Artsakh Leaders Mark Liberation Movement Anniversary, Discuss ‘Mass Repatriation’

February 20 marks the anniversary of the beginning of Artsakh’s National Liberation Movement. To mark the occasion, President Samvel Shahramanyan and other exiled leaders of Artsakh visited the Yerablur National Cemetery Tuesday.

The Artsakh Parliament held a special session at the Artsakh representative office in Yerevan, with an agenda of marking the anniversary of the Liberation Movement and discussing issues related to the mass repatriation of the displaced Artsakh Armenians.

Gagik Baghunts, the acting Speaker of the Artsakh Parliament, told after the session that the Artsakh leadership is taking “concrete steps” for the eventual repatriation of Artsakh Armenians.

“Our struggle will continue,” Baghunts told Azatutyun.

“The Armenians of Artsakh will not accept the idea that we have closed the page of Artsakh, and the desire to return will always stay with us. I hope that we will have significant success in that direction already in the not-so-distant future,” he added.

“We are taking concrete steps, we will continue to do everything possible so that the Artsakh Armenians return to the homeland, our historical homeland, and I hope that despite my rather old age, I will return, not my grandchildren,” Baghunts said without specifying the steps, only to say that they are ready for  “cooperation with world powers” and even “contacts with the Azerbaijani authorities.”

The Deputy Speaker of the Artsakh Parliament, Vahram Balayan, echoed the sentiments of his colleague when he told reporters on Tuesday that the Artsakh chapter of history is not yet closed.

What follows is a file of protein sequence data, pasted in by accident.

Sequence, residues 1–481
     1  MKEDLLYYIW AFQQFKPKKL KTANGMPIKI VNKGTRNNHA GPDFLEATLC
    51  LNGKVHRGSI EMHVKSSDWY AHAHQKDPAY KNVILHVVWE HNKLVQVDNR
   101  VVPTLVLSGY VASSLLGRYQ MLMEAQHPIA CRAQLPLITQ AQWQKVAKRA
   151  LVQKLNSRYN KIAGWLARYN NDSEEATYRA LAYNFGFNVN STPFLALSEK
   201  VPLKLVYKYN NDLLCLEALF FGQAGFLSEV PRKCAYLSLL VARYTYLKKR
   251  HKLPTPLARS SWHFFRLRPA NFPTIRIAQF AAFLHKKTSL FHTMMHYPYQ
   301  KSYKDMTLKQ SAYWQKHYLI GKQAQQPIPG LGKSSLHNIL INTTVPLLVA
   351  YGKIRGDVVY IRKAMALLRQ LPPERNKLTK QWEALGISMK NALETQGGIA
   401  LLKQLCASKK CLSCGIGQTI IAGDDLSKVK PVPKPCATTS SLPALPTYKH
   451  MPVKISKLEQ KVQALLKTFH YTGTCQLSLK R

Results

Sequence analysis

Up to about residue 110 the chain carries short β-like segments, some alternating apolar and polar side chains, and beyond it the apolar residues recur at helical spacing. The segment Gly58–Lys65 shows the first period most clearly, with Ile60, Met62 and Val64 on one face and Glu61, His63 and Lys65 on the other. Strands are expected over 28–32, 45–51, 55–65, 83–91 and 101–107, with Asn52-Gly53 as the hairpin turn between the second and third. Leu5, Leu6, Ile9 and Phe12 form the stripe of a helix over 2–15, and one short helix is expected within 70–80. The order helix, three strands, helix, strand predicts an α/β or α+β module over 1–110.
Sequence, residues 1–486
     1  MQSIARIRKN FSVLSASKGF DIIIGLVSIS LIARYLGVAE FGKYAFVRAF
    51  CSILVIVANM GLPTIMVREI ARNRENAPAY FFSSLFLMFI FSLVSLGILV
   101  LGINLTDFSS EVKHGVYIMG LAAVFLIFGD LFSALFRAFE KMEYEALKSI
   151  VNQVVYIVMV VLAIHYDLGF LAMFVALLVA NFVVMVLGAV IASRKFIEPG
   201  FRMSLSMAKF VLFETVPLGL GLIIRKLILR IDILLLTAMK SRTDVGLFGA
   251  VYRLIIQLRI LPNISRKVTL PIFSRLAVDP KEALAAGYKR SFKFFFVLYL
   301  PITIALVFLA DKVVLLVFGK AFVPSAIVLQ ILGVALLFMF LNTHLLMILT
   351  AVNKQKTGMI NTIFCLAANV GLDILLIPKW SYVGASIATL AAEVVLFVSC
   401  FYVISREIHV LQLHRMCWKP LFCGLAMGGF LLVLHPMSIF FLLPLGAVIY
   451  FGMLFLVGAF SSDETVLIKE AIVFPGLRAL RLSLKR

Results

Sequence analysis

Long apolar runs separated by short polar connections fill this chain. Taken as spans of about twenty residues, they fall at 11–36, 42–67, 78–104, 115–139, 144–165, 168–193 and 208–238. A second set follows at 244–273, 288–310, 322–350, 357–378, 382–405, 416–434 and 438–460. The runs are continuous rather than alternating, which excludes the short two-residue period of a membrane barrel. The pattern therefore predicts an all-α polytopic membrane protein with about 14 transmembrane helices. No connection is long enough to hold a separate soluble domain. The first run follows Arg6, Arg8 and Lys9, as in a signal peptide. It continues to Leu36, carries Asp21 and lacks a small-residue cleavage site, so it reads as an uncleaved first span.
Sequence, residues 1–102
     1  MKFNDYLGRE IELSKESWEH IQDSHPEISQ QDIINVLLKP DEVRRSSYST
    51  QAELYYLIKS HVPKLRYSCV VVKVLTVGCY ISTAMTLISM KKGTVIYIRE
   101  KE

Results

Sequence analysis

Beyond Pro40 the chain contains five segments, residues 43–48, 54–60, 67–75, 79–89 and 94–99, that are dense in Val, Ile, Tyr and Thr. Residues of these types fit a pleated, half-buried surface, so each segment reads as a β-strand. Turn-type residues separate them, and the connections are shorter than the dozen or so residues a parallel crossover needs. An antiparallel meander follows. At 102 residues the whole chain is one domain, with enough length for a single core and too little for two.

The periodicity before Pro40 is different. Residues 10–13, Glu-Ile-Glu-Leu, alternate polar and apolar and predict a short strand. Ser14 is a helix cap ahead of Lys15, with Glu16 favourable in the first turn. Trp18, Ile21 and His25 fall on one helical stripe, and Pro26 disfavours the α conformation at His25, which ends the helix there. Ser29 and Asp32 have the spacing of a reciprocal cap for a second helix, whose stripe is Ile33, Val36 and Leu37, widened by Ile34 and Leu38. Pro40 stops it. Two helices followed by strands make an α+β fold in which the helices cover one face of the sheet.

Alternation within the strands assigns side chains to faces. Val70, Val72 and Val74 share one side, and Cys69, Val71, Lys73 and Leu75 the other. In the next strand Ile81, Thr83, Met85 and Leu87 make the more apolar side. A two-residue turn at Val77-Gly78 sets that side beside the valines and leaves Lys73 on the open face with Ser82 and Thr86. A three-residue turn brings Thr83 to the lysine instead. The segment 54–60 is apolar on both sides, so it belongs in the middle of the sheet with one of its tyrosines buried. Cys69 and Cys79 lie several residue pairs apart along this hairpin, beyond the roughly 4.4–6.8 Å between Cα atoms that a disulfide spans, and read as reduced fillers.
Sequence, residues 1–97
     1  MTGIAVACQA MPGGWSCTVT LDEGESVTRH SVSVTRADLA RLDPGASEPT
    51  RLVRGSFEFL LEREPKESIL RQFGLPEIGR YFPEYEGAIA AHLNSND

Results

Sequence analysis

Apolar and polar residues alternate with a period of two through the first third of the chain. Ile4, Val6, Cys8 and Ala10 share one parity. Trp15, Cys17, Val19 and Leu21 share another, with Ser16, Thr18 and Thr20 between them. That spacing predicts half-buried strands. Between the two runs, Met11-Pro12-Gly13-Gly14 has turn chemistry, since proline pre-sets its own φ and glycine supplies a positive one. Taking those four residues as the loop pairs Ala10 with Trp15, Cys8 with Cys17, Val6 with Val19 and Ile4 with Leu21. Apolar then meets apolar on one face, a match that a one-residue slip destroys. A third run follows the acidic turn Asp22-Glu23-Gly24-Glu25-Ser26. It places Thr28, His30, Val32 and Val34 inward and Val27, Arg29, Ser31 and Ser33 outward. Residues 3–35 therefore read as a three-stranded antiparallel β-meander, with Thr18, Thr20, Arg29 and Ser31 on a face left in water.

“Today we are in a disillusioned and broken state, but there is a need to use the available opportunities and strengthen Armenia. And in the context of all this, try to continue our further struggle, liberate a part of our historical homeland,” Balayan told reporters.

He also emphasized that the Artsakh issue had no correlation with the territorial integrity of Azerbaijan, saying the the self-determination of the people of Artsakh, and the struggle that began in 1988, did not seek to lay claim on territory, but rather stemmed from the special status of the Nagorno-Karabakh Autonomous Oblast during the Soviet Period.

Balayan said that the NKAO had the same status as Azerbaijan SSR did under the Soviet Union, with its own constitution and Armenian as its state language.

“Due to many factors, we could not keep, protect what we had,” said Badalyan about the current fate of Artsakh.

“In general, history is not only a lesson, but also a punishment for all those who do not take the lessons of history into account. Unfortunately, we did not take into account the lessons we learned, we could not preserve our statehood,” he added.

He called the forced exodus of Armenians from Artsakh in September, following Azerbaijan’s large-scale attack, a genocide.

“In reality, it [the attack] was a genocidal act against our people. This is an obvious fact that we must present to the world, and demonstrate that our people have the right to full return [to Artsakh], and must fight to exercise that right,” said Balayan.

“We still have a ways to go. It seems to me that we should not be deprived of existing opportunities, we should continue to work from the viewpoint of ensuring our full return,” added the deputy speaker.

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